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Joachim Patinir (c. 1480 – October 5, 1524) is one of my favorite painters, partly because the Met has an exquisite triptych by him, but mostly for his amazing ability to paint the entire sweep of life within his landscapes—a form the Germans called Weltlandschaft (“world landscape”).
In this painting, Landscape with Charon Crossing the Styx, currently held by the Prado, the ferryman Charon rows a departed soul down the River Styx. On the left side of the painting is paradise, a land of fountains, forests, and rivers emptying out into rich wetlands. On the right lies the infernal city of the damned. The tiny wavering spirit must choose–but see how his eyes dart towards Hell and away from the beckoning angel…
This painting is divided by color from front to back. The foreground is the brown of earth. Lilies, irises, and other flowers sprout directly out of the soil and work their way into the umber rocks. The middle of the painting is green and filled up with birds, angels, and forest creatures. The far horizon is pale blue dotted with tiny churches and universities.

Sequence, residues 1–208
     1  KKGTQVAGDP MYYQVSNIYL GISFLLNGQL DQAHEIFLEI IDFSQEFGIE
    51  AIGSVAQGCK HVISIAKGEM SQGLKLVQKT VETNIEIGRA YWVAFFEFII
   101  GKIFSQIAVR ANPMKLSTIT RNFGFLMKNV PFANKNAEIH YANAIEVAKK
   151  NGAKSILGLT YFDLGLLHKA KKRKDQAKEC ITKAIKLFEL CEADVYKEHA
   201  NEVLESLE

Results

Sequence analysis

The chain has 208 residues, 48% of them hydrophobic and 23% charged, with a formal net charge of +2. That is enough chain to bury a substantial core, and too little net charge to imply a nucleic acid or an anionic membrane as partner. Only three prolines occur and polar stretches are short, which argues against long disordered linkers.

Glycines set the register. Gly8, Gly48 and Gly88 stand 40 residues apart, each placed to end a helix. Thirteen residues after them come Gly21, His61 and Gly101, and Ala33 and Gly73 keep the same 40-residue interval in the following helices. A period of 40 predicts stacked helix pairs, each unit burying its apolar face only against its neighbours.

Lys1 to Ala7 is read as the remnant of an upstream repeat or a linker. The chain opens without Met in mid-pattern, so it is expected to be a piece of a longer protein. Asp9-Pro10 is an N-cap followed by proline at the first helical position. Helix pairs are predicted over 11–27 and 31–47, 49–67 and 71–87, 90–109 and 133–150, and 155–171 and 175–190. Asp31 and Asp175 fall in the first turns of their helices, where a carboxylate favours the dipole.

The painting is also divided by color from left to right. Paradise is pastoral: a country landscape of green, blue, and white. The angels are interspersed with deer and geese. Hell is portrayed in black and orange and red. But Patinir’s hell is a different affair from Bosch’s hell, which had been painted a generation before. Three headed Cerberus seems quiet and oddly plaintive. The lands in front of the gate are filled with fruit trees, lilies and parrots. It is true that the gatehouse is decked in hanged corpses, but so would be the entrance to any town in Patinir’s native Wallonia. In fact aside from the occasional ogre or impaled human, the horrors of Dis are almost too indistinct to make out. It could almost be a foundry or just a smoky medieval town rather than the abode of the damned.
Of course there is a moralizing message in Patinir’s work. The indecisive spirit must choose between right and wrong. But the choice is not the stark choice offered by Bosch or van Eyck. The painter is not proselytizing relentlessly, rather the mood is elegiac. Heaven is the wilderness: countryside, animals, trees, and solitude. Hell looks like a city with all the hurly-burly of society. If we stripped the painting of its Medieval Flemish context it could almost be an environmentalist artwork–or at least a defense of country pleasures against the press of urban living.